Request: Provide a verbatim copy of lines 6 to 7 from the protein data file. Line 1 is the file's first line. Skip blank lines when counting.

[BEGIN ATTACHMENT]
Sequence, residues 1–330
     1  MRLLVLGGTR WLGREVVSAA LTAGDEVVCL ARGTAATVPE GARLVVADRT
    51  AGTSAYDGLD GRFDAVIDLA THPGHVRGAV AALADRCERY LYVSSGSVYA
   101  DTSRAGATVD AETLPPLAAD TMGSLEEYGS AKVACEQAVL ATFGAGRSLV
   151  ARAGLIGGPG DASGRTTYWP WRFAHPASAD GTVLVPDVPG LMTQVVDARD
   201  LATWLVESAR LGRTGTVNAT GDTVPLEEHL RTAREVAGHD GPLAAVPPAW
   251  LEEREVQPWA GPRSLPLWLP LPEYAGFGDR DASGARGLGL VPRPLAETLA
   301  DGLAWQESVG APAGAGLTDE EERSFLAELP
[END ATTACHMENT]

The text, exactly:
   201  LATWLVESAR LGRTGTVNAT GDTVPLEEHL RTAREVAGHD GPLAAVPPAW
   251  LEEREVQPWA GPRSLPLWLP LPEYAGFGDR DASGARGLGL VPRPLAETLA